Rose hybridizers sometimes seek brand names that connote a product features, such as Thrive!™, Drift™, or Garden Delight™. Roses commemorate events like the Miracle on the Hudson™ and favorite songs like Purple Rain™. Others convey a sense of the hybridizer’s whimsy, such as Gourmet Popcorn™, Happy Butt™, or Crush on You™. Many others are named after people—you can buy a Rosie O’Donnell™ rose and plant it next to a Trump Card™ rose. There are no roses named after Hillary Clinton, Nancy Pelosi, John McCain or Mitch McConnell—but never say never. The Joseph Stalin Rose has long been off the market. Consumer brands have jumped in. You can buy a rose called Weight Watchers Success™ and another called Benson & Hedges™ (I wonder if it is fragrant). Perhaps the best, truly honest rose hybrid brand is Ch-Ching™.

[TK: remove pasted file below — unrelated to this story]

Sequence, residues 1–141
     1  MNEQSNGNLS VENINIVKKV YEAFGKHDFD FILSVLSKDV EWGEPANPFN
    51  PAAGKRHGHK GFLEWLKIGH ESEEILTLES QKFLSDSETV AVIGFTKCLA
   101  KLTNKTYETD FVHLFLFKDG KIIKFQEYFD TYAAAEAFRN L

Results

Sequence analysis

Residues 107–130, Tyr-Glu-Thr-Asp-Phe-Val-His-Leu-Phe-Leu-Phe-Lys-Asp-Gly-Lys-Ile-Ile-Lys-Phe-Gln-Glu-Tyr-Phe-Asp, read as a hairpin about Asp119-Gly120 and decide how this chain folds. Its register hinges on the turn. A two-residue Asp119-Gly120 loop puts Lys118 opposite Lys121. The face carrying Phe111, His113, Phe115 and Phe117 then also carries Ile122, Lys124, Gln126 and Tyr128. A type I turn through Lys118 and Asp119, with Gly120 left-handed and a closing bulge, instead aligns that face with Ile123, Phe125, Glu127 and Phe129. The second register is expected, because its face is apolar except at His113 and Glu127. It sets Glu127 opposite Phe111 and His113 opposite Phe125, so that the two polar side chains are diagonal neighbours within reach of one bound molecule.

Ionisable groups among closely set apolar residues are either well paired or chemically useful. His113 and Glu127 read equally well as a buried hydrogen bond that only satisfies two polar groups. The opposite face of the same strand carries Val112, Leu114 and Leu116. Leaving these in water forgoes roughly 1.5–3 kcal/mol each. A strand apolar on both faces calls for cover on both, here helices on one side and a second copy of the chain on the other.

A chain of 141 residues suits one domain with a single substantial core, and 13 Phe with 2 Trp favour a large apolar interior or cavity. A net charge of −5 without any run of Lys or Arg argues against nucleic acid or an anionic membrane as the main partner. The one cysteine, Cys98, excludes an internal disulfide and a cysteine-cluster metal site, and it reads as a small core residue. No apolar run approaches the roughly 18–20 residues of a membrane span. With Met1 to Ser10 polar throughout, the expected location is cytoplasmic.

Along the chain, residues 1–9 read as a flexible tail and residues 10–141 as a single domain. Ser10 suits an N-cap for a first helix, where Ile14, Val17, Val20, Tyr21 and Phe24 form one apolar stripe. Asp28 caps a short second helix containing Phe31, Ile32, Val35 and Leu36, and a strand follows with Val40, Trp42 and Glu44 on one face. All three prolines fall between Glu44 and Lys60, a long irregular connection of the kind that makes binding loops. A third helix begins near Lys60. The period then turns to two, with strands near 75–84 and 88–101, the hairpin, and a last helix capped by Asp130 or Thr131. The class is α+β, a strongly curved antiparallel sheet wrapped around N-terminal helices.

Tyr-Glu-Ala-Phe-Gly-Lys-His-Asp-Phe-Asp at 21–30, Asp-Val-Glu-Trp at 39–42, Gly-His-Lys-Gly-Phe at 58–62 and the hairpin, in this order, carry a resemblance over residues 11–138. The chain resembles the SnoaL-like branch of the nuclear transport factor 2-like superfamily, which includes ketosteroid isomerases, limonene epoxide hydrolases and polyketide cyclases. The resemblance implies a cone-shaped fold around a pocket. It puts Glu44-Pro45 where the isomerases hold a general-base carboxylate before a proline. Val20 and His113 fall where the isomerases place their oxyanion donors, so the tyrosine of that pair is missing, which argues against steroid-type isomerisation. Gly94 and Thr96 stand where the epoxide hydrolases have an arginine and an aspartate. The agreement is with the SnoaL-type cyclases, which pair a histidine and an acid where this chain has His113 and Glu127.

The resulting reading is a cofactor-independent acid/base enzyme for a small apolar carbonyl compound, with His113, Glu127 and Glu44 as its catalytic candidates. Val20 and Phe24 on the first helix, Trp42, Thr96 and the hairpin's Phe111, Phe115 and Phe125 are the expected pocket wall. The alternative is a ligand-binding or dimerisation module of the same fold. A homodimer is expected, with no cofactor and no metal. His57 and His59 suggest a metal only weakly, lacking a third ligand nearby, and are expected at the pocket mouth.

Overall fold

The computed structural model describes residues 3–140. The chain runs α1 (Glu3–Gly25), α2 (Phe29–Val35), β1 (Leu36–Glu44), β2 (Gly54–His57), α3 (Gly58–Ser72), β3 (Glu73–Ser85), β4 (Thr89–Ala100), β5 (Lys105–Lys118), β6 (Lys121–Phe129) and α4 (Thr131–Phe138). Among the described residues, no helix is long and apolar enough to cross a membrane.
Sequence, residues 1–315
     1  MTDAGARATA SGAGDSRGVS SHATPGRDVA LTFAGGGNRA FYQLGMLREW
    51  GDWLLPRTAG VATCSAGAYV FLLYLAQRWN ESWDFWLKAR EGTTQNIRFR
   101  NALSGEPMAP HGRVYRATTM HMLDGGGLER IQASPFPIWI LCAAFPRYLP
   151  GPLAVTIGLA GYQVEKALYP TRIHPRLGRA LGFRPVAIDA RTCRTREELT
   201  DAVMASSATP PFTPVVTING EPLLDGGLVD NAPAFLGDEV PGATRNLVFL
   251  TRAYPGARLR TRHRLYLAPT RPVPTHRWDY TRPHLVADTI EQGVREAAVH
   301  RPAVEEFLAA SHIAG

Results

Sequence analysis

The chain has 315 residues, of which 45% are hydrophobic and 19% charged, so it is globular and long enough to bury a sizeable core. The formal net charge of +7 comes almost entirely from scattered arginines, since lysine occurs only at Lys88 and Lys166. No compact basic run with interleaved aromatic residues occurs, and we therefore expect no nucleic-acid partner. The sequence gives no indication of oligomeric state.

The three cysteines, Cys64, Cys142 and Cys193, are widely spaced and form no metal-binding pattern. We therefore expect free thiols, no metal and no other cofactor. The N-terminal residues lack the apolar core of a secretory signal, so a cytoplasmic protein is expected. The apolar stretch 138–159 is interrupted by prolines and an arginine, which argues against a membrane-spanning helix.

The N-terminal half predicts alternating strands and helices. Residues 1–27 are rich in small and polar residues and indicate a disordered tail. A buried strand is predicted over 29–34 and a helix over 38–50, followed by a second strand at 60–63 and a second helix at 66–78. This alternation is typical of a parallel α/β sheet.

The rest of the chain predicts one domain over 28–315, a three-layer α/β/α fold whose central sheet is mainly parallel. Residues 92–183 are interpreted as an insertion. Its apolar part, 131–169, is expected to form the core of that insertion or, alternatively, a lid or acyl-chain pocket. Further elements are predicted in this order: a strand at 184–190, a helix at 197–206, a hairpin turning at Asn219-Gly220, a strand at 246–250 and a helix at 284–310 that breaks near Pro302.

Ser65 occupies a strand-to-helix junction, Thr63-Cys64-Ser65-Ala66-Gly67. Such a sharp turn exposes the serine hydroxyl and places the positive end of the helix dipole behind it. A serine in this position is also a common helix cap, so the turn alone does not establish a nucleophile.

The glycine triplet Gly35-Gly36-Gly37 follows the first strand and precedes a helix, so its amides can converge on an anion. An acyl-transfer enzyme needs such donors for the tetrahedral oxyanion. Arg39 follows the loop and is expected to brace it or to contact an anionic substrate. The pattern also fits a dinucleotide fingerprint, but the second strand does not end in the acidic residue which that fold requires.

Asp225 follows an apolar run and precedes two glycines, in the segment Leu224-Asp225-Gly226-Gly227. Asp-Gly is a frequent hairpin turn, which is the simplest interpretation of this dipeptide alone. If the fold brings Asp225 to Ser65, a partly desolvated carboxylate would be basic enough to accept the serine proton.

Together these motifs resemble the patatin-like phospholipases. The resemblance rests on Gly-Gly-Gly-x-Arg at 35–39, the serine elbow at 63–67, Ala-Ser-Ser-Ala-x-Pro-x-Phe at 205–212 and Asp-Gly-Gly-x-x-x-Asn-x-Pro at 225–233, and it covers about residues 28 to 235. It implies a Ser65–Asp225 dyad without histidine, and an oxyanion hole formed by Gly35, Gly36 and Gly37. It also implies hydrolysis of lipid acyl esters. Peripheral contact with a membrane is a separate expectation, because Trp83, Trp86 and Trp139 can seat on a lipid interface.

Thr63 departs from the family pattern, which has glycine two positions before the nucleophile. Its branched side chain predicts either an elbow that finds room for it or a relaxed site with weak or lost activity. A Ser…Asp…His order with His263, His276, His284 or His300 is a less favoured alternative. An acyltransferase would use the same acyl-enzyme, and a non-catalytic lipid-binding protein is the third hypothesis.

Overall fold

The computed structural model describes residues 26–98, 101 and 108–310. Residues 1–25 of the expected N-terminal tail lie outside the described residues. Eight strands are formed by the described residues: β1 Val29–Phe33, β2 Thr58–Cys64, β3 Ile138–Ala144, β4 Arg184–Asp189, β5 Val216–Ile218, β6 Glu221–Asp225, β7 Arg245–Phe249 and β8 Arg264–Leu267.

There is big money in roses. Will Radler, a rose hobbyist, hybridized Knockout™ in the basement of his suburban Milwaukee home. The first year of its introduction, he received a $60,000 royalty check. Since then, the hybrid became a top seller with over 90 million plants sold. Mr. Radler is a millionaire many times over.
Valuable brands attract counterfeiters like roses attract bees. Some of the biggest brands have banded together to fund the Plant Watch® nursery inspection program. Inspectors visit nurseries to stamp out unauthorized propagation and to ensure compliance with patent and branding requirements.
For rose hybridizers, getting one of your rose hybrid brands planted in the New York Botanical Garden is like getting a painting in the Louvre. Yet among the best sellers and flashy varieties in that garden, you can still find antique heirloom blooms and even wild roses. It is a complete rose education in just over an acre. Walking the fragrant paths of a world class rose garden on an Indian summer morning wasn’t skipping out on work; it was brand research.